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Monday, September 29, 2008

NM-Sen: Udall Explains His No Vote on Bailout Bill

The campaign of Dem Senate candidate Tom Udall layed out the reasons for his no vote today on the bailout bill in a
diary on Daily Kos, (where you can weigh in on your views):

Tom Udall wanted me to get you this statement as quickly as possible, now that the bailout bill has gone to a vote:

I cannot in good conscience vote for a rushed $700 billion taxpayer funded bailout to shore up Wall Street while ignoring our middle class and the nation's underlying economic flaws that caused this crisis in the first place. I will, however, continue fighting to do what's right and fix our financial markets to prevent similar crises from occurring again.

Tom Udall laid out his priorities for any bailout bill that he could support last week:

"The Administration's proposal, as it has been presented to Congress, needs significant changes. First, any plan that puts taxpayer money at risk must ensure that taxpayers get paid back before shareholders, bondholders or executives—so that corporate CEOs do not get a golden parachute while taxpayers are left to pay the bill.
“Additionally, Congress should act further to keep Americans in their homes by addressing the crisis in the mortgage industry as well as the one in the financial sector. Any economic package that allows tens of thousands of Americans to lose their homes is simply inadequate.

“Finally, there must be accountability. If we invest taxpayer dollars to protect our financial markets, we should make sure that money is spent effectively and efficiently, with proper oversight and accountability. No administration should be given unlimited authority over the spending of $700 billion or more of taxpayers’ dollars. Any bailout plan needs to ensure that those managing the bailout are responsible to Congress and the American people.”

Tom has carefully considered the current version of the bailout bill, and has decided that it falls short. It does not meet the principles he laid out at the time this bailout was proposed, and does not address those who are hurt the most by this crisis. Tom Udall knows that we can do better.

September 29, 2008 at 06:08 PM in 2008 NM Senate Race, Corporatism, Crime, Economy, Populism | Permalink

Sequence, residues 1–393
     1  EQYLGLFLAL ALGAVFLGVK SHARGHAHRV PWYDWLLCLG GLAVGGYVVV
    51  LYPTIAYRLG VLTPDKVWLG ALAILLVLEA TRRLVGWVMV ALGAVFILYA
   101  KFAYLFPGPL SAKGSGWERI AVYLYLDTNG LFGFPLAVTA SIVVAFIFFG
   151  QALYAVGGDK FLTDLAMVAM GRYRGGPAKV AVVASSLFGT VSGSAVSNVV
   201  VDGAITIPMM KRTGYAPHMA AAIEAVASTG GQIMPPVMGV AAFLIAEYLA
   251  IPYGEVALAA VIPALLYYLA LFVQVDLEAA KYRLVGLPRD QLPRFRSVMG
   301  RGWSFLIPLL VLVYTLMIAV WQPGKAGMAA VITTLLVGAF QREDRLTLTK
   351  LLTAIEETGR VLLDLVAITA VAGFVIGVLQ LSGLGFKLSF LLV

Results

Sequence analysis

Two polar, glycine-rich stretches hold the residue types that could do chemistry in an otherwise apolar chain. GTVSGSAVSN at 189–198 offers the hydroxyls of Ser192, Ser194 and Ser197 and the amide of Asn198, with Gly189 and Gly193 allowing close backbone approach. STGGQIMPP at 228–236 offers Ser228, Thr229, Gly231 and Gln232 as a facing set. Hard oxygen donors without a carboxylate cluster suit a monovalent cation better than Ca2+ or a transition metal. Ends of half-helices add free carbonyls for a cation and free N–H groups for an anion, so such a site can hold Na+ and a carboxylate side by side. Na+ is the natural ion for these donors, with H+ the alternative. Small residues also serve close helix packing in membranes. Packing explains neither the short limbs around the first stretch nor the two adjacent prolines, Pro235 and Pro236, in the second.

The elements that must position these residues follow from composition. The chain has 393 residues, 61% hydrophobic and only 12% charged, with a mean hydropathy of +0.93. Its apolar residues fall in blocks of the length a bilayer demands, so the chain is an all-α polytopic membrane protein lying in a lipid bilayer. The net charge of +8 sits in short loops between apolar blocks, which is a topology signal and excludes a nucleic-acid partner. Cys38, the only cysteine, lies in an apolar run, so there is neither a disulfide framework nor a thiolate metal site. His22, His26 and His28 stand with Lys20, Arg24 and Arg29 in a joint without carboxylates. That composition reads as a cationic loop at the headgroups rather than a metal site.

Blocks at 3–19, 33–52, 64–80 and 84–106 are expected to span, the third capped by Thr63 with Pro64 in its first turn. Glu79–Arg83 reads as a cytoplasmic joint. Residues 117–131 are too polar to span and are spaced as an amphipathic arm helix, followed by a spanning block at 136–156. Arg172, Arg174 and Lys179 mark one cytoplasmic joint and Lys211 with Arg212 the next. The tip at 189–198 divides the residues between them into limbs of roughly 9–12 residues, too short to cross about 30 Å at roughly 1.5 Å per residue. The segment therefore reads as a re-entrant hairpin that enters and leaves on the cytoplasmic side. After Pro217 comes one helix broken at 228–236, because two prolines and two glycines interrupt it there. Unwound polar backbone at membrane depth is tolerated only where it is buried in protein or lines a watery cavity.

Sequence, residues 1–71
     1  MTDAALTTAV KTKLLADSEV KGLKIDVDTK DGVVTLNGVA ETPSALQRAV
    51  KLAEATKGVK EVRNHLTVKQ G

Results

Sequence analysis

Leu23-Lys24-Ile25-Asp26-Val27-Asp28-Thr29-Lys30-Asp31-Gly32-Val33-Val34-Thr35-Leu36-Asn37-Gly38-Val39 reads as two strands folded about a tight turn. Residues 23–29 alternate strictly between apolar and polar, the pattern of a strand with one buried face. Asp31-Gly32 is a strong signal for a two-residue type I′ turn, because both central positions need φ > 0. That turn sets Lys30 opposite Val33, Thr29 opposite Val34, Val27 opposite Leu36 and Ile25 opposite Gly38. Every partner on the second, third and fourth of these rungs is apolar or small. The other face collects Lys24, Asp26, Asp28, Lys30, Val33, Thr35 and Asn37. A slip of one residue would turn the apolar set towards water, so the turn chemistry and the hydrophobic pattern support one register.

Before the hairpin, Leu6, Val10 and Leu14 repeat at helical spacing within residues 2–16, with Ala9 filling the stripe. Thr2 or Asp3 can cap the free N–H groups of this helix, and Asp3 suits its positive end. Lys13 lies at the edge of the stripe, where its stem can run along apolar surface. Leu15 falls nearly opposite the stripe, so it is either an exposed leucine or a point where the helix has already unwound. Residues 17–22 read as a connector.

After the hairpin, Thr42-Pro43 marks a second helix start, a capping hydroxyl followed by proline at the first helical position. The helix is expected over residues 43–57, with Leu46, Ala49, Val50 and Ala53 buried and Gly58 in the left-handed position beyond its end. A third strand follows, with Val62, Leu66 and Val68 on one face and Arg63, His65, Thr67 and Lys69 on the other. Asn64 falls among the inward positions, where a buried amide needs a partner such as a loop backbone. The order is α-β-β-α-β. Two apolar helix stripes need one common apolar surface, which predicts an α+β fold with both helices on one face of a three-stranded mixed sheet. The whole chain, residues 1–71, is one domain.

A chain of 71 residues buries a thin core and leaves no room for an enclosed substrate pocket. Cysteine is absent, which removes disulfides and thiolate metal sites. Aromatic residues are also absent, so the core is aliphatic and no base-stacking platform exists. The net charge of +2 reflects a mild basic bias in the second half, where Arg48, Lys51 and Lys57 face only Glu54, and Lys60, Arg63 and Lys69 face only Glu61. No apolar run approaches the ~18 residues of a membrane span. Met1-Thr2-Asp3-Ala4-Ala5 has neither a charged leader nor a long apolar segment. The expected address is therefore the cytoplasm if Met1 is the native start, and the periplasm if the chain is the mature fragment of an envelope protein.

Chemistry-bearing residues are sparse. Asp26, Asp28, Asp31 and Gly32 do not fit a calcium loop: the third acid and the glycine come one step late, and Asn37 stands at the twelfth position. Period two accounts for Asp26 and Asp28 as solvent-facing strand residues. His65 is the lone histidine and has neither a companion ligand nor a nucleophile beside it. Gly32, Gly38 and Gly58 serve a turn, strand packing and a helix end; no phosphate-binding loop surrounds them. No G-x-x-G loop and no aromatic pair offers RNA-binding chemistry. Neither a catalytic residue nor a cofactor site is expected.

The question is...
will the Dems go with the liberal wing's more strict requirements or will they go with the GOP's more lax requirements to get the votes?

Posted by: qofdisks | Sep 30, 2008 5:38:39 PM

Today the Senate will vote on this bailout bill. According to this morning's Albuquerque Journal the senate is adding in clauses that will make more Republicans happy but still does nothing more to punish .. or keep from further rewarding the perpetrators of this mess, does nothing more for those on the street who are very much in need of help, and does nothing further to address that which caused this mess in the first place. On top of that, the Senate strategy is to create a condition to where the house has no choice but to vote YES on this bill.

Representative Udall says he voted NO on this past house bill because it does nothing to help the middle class folks who are in danger of losing their homes, ignores the economic flaws that caused this crisis in the first place, and it doesn’t assure that the taxpayers will be paid back before shareholders in these bailed out financial institutions reap further financial gain or other rewards such as ‘golden parachutes’.

As stated in an earlier posting, it's been my belief that Tom Udall voted NO on that bill for reelection reasons rather than for reasons of helping our country attempt to put this terrible financial mess behind us.

Now with this bill, a bill that’s even worse (from a liberal perspective), a bill that is more than likely going to pass in the senate and then be sent to on the house, what's Tom Udall to do this time. If he votes NO (likely against the tide), in this case it may very well hurt, rather than help, his chances for reelection.

If the bill stays as is (the senate version) and Tom Udall again votes NO, I’ll know that I was wrong on believing that his vote last week was political and my respect for him will have returned to its earlier prominence.

Posted by: Kenneth Cooper | Oct 1, 2008 9:43:42 AM

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